An audience at a performance

Agenda items for SMT meeting: assisted performances

One of the key ways of embedding assisted performances into the culture of your organisation is to table an item at every relevant meeting. If there is nothing specific to discuss at a meeting, the item can be passed over but, as long as it is there, the topic is kept within the consciousness of everyone participating in the meeting. It also creates the opportunity for informal reporting on departmental or team activity relating to assisted performances and may create a platform to celebrate successes in service delivery.

The person responsible for access in your organisation will prove to be an invaluable resource and it may well be appropriate to invite them regularly to SMT meetings, if they are not already part of that group, in order that they can inform discussions. It may be that they could take a lead on some of these agenda items; that way they will be able to build communication with key people across the organisation, if that need is not currently being met.

It is vital that there is someone on the SMT who is prepared to champion this work and support the Access Coordinator. The worst case scenario is that the Access Coordinator is acting with responsibility but without authority.

Introducing assisted performances into organisational practice

Here are suggestions for agenda items that might be useful if you want to encourage a shared responsibility for assisted performances. They are structured so that, by the time you discuss each team’s responsibilities, everyone should be clear about why assisted performances are important and where they fit into the overall activity of the organisation:

Why do we programme assisted performances (the sticks)?

Also see – A note on the Equality Act and Assisted performances: wider benefits and the business case.

  1. Your legal duties
  2. Any specific funding requirements you have relating to access and inclusion

What can assisted performances do for us as an organisation (the carrots)?

Also see – Assisted performances: wider benefits and the business case.

  1. The size of the audience (relate this to your local situation) and consequent opportunities to grow your audiences
  2. Reputation enhancement

What do assisted performances give to our audiences?

Also see –  The impact of assisted performances – personal stories.

  1. (Ideally) input from D/deaf and/or blind or partially sighted audience member.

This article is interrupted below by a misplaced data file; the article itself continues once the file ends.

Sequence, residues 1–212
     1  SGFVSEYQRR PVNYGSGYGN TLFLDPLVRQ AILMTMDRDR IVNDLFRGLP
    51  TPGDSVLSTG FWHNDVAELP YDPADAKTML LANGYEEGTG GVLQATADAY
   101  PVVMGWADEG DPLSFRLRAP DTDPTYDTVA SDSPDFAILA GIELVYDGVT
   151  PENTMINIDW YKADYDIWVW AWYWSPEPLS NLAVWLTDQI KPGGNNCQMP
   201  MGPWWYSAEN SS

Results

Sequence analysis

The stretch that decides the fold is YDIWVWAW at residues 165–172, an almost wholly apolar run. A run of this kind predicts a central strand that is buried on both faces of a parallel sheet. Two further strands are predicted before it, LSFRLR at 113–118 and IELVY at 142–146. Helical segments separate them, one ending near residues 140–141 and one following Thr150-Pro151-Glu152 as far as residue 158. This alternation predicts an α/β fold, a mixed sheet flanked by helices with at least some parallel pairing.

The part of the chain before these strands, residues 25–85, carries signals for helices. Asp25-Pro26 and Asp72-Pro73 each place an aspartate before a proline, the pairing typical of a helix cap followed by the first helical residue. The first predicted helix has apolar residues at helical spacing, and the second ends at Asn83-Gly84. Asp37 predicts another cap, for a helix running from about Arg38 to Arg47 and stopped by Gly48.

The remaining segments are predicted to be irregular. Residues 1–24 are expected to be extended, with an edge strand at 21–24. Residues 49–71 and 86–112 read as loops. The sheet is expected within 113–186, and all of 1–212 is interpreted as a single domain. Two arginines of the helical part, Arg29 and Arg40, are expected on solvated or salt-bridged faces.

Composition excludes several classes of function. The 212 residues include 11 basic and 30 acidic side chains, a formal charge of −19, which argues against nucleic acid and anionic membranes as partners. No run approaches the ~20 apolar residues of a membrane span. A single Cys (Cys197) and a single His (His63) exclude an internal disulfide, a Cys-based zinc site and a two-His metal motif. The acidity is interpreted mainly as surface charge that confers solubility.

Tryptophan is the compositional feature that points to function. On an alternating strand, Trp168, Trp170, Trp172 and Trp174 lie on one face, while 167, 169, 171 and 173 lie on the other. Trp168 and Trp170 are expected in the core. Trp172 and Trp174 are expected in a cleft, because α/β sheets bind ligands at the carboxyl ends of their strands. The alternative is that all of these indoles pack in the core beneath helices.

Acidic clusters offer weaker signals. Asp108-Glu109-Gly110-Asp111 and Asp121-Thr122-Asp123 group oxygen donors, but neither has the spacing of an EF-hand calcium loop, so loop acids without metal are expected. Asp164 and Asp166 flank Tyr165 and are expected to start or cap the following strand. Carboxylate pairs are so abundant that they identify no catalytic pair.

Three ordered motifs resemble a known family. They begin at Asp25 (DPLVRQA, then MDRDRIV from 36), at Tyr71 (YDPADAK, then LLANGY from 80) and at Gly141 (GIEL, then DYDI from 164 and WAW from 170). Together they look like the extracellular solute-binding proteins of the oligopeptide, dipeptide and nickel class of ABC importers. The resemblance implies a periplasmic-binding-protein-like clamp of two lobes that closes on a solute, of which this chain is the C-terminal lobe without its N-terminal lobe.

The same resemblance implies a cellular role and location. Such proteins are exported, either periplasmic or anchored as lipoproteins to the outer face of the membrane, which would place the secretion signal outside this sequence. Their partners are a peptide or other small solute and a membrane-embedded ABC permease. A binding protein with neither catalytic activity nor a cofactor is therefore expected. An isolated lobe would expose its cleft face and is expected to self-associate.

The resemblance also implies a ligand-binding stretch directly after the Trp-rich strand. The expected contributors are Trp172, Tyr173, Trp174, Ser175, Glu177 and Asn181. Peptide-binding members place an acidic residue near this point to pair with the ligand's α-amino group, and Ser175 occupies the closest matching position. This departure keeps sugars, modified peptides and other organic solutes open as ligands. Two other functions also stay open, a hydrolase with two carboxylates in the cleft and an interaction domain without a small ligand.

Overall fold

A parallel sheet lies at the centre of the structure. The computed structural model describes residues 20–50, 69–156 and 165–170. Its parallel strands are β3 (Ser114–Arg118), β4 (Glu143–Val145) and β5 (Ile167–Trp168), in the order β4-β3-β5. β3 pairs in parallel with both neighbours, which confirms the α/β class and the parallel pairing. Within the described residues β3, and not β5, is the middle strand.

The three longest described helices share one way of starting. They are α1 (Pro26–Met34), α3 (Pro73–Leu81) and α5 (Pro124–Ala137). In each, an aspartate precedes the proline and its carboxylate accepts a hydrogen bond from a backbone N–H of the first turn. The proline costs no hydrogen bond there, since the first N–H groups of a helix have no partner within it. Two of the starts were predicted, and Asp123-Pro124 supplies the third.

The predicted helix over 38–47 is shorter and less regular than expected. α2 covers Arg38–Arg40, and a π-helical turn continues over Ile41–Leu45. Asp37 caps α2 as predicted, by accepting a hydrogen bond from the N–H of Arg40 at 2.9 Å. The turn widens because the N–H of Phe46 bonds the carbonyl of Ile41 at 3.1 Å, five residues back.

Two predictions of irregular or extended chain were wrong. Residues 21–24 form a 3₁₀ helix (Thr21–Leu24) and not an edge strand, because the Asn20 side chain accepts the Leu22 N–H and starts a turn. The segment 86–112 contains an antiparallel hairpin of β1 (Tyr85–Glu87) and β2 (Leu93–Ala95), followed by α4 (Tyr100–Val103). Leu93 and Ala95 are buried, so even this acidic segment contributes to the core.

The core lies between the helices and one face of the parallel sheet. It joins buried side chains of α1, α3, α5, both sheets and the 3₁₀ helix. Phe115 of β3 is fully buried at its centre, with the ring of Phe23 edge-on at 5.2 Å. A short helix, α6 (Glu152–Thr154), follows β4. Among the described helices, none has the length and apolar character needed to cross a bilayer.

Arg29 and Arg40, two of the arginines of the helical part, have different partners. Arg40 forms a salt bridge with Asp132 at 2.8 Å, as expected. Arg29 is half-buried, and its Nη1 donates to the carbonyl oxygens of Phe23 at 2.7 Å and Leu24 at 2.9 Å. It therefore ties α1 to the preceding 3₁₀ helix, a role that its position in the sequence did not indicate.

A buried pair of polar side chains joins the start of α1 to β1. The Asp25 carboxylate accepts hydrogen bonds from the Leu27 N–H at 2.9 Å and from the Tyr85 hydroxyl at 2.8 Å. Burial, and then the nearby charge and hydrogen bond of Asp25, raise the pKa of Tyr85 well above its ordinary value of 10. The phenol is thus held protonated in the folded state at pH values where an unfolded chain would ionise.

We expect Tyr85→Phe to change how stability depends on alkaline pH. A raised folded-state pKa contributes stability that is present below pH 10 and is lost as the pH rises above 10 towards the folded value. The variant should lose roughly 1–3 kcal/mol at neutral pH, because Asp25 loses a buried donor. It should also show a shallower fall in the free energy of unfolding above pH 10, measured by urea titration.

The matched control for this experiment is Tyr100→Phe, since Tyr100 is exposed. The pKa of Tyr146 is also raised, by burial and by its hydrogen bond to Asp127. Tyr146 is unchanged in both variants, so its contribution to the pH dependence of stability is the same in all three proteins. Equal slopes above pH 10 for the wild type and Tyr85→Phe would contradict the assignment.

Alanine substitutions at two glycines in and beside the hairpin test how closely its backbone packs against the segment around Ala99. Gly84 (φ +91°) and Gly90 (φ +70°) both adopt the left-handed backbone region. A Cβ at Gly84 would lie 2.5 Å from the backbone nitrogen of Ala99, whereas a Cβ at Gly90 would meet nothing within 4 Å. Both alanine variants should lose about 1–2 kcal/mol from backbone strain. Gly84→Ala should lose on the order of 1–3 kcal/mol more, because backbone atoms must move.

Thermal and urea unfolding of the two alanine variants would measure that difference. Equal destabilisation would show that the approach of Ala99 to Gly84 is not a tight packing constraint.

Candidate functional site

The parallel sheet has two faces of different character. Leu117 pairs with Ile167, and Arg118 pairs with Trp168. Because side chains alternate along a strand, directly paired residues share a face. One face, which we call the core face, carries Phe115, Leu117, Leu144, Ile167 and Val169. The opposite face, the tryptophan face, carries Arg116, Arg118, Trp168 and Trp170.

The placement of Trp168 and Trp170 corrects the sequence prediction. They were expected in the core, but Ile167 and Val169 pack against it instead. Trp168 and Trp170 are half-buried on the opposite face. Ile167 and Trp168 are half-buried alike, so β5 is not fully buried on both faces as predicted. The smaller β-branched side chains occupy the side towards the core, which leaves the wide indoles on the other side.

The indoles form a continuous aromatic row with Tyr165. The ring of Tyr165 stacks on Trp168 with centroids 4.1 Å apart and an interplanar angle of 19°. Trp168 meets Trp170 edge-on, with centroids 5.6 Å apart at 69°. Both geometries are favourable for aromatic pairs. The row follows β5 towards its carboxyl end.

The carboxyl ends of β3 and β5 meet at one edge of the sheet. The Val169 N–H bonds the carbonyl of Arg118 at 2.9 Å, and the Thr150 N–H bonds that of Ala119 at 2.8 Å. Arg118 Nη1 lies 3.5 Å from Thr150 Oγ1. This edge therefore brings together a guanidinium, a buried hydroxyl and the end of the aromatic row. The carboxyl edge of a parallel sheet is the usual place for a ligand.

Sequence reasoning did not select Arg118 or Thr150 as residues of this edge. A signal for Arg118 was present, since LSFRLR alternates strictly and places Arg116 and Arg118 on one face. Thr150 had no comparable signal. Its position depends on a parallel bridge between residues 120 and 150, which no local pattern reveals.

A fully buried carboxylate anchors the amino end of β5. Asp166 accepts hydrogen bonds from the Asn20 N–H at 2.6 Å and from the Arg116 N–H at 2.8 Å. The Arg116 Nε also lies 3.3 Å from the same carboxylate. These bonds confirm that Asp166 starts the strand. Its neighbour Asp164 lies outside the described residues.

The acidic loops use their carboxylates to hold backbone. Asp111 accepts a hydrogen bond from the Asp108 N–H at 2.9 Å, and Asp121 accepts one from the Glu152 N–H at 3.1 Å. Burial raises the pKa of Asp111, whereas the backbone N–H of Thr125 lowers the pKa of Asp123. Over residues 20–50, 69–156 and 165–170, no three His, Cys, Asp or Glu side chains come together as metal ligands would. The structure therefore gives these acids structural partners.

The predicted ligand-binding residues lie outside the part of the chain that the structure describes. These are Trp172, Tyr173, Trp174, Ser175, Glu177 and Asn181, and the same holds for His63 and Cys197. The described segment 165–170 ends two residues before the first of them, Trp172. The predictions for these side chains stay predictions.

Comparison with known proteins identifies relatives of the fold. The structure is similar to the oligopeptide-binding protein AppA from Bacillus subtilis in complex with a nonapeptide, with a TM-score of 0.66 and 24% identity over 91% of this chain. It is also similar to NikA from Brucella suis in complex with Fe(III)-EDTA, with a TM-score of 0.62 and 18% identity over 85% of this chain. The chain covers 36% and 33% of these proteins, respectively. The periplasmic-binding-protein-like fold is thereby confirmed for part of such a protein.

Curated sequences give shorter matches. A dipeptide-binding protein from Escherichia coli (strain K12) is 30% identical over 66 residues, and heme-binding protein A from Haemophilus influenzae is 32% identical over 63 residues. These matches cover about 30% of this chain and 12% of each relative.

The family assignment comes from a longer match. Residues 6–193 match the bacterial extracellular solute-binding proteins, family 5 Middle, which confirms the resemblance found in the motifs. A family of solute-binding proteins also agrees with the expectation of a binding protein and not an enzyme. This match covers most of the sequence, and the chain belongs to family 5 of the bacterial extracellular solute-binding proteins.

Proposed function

It can be really helpful to see if there are any caption or audio description users, or BSL users, who would be prepared to come in to talk to SMT about their experience of discovering assisted performances. This kind of individual story can help make the case if you have an SMT that needs convincing of the value of the work.
    Invite SMT to come to an assisted performance (maybe including a touch tour) and see for themselves what enthusiasm there is amongst audience members.

Embedding inclusion into our understanding of quality

  1. Our organisational values: where does inclusion fit in?
  2. Quality artistic production and inclusion

The practicalities

  1. Overview
  2. The responsibilities of each department (specifically)
  3. Managing the risks
  4. (Ideally) distribute a diagram breaking down the organisation’s commitment into departmental (or team) commitment and then into individual job role commitment
  5. Feedback

Planning

  1. Setting up feedback mechanisms
  2. Establishing milestones
  3. Establishing lines of accountability

Ongoing agenda items

In order to maintain commitment to assisted performances, keep them on SMT’s agenda. If the Access Coordinator is not part of SMT, invite them to input regularly into SMT meetings. Try and avoid the ‘champion’ on SMT being the one always to report back or lead on discussions on assisted performances as this will simply relocate the sole responsibility or, at best, share it between two people. It is important, to embed the service, that as much of the following as possible is dealt with on a team by team (or department) basis.

The following are the regular agenda items that should be included in SMT meetings and reports.

  1. Reports on attendance figures and feedback from audience
  2. Troubleshooting any emerging issues; suggestions for improving communications and/or procedures
  3. Comments about any performances that have happened since the last review
  4. News about upcoming shows

Board

Assisted performances should also be kept on the Board’s agenda in exactly the same way.

Now go to: A note on concessionary pricing